Warren might be best-known for his early-’90s Dirty Pair, but he’s been surfacing occasionally since then to do techno-savvy, intricately-plotted superhero work (a Gen 13 run over there; an Iron Man mini-series over here…), and for most of the 21st century he’s been working on Empowered, a seven-volume (so far) work that started out as a commissioned bondage fantasy and, somehow, expanded to a very human, clever exploration of sexual stereotyping in superhero comics and, not incidentally, a rollicking adventure story focusing on the title heroine, her boyfriend and girlfriend, and the rising and advancing of her spirit. This special focuses on just Empowered, and has art mostly by Ryan Kinnaird, but it’s still a good sampling of the pleasures of the main series; anyone who reads this and is hooked should talk to Eddie about ordering copies of the regular volumes, too.
Happy! #3 (of 4) — Writer: Grant Morrison; Art: Darick Robertson
This collaboration by Morrison and the Boys co-creator features a disgraced ex-cop who’s run afoul of the mob and is trying to leave town, but gets pulled back because a little girl’s in danger (she, and other kids, have all been kidnapped by a deranged Santa Claus impersonator), and he’s the only one who can see her imaginary friend, a tiny winged blue horse named Happy; it was seen in some quarters as Morrison’s parody of Garth Ennis (because of the over-the-top violence and the Robertson art), but it’s really just a typical Morrison fantasy-crossed-with-the-gritty-world fairy tale — a Christmas story, actually, assuming that it has a happy ending (a good bet, since he and Ennis share a fondness for happily-ever-afters), and another good candidate for readers who’d like to buy up all the issues at once and read a satisfying chunk of story over the holiday break.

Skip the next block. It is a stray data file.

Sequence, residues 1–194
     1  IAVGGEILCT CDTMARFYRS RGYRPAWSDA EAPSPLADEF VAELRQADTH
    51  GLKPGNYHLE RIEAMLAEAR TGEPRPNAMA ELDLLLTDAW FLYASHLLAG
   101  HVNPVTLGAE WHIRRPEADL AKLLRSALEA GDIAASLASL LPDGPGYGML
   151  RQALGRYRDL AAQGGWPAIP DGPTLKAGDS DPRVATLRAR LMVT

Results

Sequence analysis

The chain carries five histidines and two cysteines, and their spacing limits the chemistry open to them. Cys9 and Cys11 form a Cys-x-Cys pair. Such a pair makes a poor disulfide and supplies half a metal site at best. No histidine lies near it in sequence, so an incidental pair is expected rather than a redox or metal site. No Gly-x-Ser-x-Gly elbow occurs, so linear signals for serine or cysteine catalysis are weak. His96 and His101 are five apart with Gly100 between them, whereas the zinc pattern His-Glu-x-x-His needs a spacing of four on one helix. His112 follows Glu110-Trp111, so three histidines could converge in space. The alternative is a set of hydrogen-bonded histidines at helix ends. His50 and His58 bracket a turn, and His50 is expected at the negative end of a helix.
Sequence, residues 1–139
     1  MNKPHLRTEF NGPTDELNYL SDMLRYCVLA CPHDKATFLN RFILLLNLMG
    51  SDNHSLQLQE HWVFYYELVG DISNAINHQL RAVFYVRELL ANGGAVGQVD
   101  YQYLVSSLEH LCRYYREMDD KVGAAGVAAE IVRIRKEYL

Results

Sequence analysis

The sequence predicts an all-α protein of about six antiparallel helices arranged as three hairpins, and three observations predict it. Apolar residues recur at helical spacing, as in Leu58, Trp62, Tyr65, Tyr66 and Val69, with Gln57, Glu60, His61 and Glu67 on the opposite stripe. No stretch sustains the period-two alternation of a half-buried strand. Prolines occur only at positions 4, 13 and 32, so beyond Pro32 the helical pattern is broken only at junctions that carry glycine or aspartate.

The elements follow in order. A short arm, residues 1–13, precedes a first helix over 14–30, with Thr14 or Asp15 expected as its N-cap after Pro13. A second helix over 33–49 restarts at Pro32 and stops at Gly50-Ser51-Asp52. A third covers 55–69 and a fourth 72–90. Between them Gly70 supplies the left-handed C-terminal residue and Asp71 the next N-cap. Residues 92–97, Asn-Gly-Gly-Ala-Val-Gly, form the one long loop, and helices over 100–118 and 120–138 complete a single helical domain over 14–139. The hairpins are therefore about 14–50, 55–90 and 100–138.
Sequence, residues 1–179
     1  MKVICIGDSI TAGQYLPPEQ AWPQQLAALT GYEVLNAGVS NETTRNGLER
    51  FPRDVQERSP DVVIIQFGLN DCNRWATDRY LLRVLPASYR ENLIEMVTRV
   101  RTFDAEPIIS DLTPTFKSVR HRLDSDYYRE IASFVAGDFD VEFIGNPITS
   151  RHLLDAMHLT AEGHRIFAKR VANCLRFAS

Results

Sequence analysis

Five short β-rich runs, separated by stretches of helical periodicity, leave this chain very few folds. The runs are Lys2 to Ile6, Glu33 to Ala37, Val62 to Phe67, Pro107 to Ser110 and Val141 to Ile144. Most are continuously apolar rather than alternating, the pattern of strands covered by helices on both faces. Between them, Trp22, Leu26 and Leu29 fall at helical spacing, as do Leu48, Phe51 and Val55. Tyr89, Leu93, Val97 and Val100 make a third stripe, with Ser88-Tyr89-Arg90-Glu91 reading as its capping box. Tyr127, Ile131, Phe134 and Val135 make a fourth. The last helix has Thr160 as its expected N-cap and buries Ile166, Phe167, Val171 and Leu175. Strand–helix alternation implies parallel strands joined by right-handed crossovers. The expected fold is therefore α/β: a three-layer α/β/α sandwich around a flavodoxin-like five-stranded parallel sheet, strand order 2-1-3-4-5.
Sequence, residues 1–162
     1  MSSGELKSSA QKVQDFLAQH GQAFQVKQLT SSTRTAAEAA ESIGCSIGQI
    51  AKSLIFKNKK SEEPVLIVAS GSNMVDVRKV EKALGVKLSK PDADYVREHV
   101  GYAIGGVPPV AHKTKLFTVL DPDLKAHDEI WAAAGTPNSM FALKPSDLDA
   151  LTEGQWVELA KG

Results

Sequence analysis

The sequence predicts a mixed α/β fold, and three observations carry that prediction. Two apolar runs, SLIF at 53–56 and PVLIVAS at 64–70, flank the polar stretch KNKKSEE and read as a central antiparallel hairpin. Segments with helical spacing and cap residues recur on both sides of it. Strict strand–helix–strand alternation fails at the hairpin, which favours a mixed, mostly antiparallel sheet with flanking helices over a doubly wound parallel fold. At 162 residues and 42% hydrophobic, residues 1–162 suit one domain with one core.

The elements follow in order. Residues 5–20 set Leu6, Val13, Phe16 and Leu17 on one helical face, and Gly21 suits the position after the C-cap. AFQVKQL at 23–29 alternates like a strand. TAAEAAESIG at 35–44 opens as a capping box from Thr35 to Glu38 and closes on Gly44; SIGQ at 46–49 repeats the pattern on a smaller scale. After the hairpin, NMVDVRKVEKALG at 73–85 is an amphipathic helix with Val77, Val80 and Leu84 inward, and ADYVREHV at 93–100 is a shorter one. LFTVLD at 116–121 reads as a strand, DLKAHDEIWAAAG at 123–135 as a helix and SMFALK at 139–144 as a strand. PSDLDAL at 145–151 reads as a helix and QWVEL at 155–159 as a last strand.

This is another book where your best bet is to get this, plus the first two issues, and just sit down and read them all in one sitting during some cold (for Phoenix) holiday evening, sitting by a roaring fire. Graham’s got a breezy, imaginative science-fiction-centric style that’s big on weirdness (but logical weirdness), word games and cool characters, and his dense-but-inviting style rewards patience: you’ll wonder what the fuss is all about, and then all of a sudden a light bulb will go on and you’ll get him, and then you’ll be a fan. If you like this, read his Prophet, and ask about the trade of his King City series from a year or two ago.
Saga #8 — Writer: Brian K. Vaughan; Art: Fiona Staples
As above, so here: in a year of unexpected indy hits, this has been the biggest (although why a series written by the creator of Y, The Last Man and drawn by the accomplished, confident Staples shouldn’t have been seen as a hit from the start is a good question). There’s a trade of the first six issues, and that plus the seventh issue and this one would make a great late present for any fantasy lover on your shopping list; experience with comics isn’t even necessary, since this is accessible to anyone (like the very different Walking Dead, it’s a great ambassador for our little hobby, and a magnet for new readers). Besides the latest installment of this story, this issue has a bonus: a fascinating article on the letters page about Staples’s process in creating the 100% digital (but somehow warm and gorgeous) art.
Can a $7.99 anthology of non-mainstream stories survive in today’s comics market? Well, here we are at issue #19, so so far so good (it helps when you offer 80 pages of slick-paper storytelling for that money, which is four times what Marvel’s $3.99 books (on worse paper) are offering readers). As always, there are ten different series running here, a buffet of some of the better small-market creators; the high points are a new episode of Matt Kindt’s Mind Mgmt, and the start of a new serial starring Caitlin Kiernan and Steve Lieber’s Alabaster character — but it’s also fun just to read the whole thing, and discover new talent that you’ve never heard of; then, when they make a big splash in another year or two, you’ll be able to say you knew them when.
Rachel Rising #13 — Creator: Terry Moore
Thirteen issues in, this probably isn’t an issue to pick up cold; there’s too much going on, and not that much action. It’s a great horror series, but start it properly: get the first trade, and then the second, and then once you’re hooked we’ll talk about how Moore’s wonderfully-drawn women and clever scripting make it such a good read.